Autonomous Vehicles: Mass Adoption Predicted for 2050

By July 16, 2015
connected car

There is a lot of talk nowadays about smart self-driving cars, but when are we going to see widespread consumer adoption? A recent McKinsey report sets out predictions for the next 35 years.

In 2015 we are not yet at the point where everyone is using an autonomous vehicle (AV). Nevertheless, there is now a lot of enthusiasm about self-driving cars and several months ago Elon Musk declared that by 2020 a Tesla car will be capable of running on auto-pilot 90% of the time.

Meanwhile industrial firms have been taking AVs on board. McKinsey forecasts that within five years autonomous vehicles will be in use for specific purposes, including repetitive tasks, in agriculture, mining, logistics and construction. Productivity is expected to boom as the cost of manpower falls and CO2 emissions are reduced. McKinsey also predicts that from 2040 road haulage firms will also be using these new types of vehicles.

OEMs and Insurers in transition

The advent of vehicles capable of taking the decision-making out of drivers’ hands will mean that insurance companies will be forced to change tack. McKinsey foresees a radical change in their business model from 2025 when their prime customers will no longer be the millions of private car owners but companies involved in the manufacture of autonomous vehicles – both original equipment manufacturers (OEMs) and infrastructure management firms. The insurance model will shift from covering people against making a mistake to covering the technical risks associated with developing and manufacturing connected cars.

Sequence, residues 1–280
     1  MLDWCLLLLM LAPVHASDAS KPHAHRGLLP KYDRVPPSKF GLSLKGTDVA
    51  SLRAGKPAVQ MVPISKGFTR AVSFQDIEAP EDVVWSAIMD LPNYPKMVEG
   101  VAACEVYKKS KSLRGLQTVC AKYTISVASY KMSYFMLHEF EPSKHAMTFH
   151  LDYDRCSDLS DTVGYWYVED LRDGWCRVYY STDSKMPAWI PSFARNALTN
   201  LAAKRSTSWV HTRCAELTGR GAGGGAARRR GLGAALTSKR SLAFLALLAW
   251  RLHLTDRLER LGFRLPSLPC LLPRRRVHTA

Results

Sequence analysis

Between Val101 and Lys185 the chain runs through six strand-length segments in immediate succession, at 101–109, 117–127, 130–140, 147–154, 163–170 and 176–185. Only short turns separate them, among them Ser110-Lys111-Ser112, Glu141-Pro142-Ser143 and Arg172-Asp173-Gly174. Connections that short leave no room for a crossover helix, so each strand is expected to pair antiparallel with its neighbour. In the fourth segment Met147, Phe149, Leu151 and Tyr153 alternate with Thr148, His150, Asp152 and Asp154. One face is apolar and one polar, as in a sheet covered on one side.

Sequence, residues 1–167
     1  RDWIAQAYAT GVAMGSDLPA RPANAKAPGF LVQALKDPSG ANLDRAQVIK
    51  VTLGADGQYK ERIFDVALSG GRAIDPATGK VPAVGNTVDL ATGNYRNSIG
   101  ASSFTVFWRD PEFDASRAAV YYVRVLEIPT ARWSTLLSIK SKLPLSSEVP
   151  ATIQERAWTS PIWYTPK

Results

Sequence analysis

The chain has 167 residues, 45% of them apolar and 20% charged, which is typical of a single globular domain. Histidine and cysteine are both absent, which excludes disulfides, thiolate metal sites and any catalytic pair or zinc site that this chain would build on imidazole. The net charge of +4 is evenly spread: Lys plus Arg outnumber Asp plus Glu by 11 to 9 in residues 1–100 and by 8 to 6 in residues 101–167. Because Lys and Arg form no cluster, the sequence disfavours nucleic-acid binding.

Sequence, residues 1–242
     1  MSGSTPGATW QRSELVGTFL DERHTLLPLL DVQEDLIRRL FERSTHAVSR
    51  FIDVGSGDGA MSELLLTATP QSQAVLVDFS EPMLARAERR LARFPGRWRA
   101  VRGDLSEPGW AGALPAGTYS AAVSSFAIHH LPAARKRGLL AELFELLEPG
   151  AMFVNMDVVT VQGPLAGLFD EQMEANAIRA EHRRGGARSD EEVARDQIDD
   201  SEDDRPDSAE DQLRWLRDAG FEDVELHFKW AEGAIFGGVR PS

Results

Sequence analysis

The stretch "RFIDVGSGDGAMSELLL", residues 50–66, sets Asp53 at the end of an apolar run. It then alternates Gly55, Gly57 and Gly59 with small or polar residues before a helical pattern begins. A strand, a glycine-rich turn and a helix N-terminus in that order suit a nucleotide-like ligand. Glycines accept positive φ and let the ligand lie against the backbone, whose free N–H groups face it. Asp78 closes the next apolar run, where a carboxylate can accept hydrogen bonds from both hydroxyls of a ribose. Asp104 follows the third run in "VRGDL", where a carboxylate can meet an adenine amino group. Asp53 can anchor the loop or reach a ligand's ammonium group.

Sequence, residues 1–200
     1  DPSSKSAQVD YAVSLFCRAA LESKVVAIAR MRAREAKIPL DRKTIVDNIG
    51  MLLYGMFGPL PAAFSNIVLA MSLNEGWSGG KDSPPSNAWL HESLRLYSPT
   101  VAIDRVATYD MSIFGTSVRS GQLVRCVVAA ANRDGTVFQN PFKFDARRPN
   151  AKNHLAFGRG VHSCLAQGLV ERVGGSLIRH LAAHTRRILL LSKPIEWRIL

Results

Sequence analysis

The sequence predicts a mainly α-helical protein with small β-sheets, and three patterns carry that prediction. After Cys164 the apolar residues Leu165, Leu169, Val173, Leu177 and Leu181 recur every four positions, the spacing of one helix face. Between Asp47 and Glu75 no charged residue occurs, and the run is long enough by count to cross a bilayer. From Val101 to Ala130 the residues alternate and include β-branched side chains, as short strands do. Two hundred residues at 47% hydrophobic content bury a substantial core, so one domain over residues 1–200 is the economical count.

La chronologie de l'adoption de la voiture connectée d'ici à 2050

Timeline for mass market adoption of smart autonomous cars Source: McKinsey

After-sales service is also likely to undergo changes as more people start to use autonomous vehicles and the market landscape evolves. OEMs might well take over vehicle maintenance and repair. In 2014, around 80% of all garage businesses in Germany were service providers working independently of the OEMs. The McKinsey report points out that ‟given the safety-critical nature of AV technologies, customers might strongly prefer strict adherence to OEM service processes and the use of original service equipment when it comes to maintaining and repairing AV systems.”

AV owners will have different daily habits

The report predicts that by 2050 owning a smart autonomous vehicle will become the norm for consumers. Car drivers will have time to attend calmly to business or personal matters during the journey, as AVs will free up as much as 50 minutes a day for their productive use. The time saved “could also create a large pool of value, potentially generating global digital-media revenues of €5 billion per year for every additional minute people spend on the mobile Internet while in a car,” state the report’s authors.

La voiture de demain pourrait permettre de dégager du temps libre pour les conducteurs.

The autonomous vehicle could free up as much as 50 minutes a day for drivers

Moreover, parking will become child’s play. The McKinsey report says that the total space required for parking in the United States could potentially be reduced by more than 5.7 billion square meters.

All in all, the smart connected car will be able to take over in areas of potential human shortcomings. Consequently, road accidents in the United States are expected to fall from the second most frequent cause of death to ninth place.


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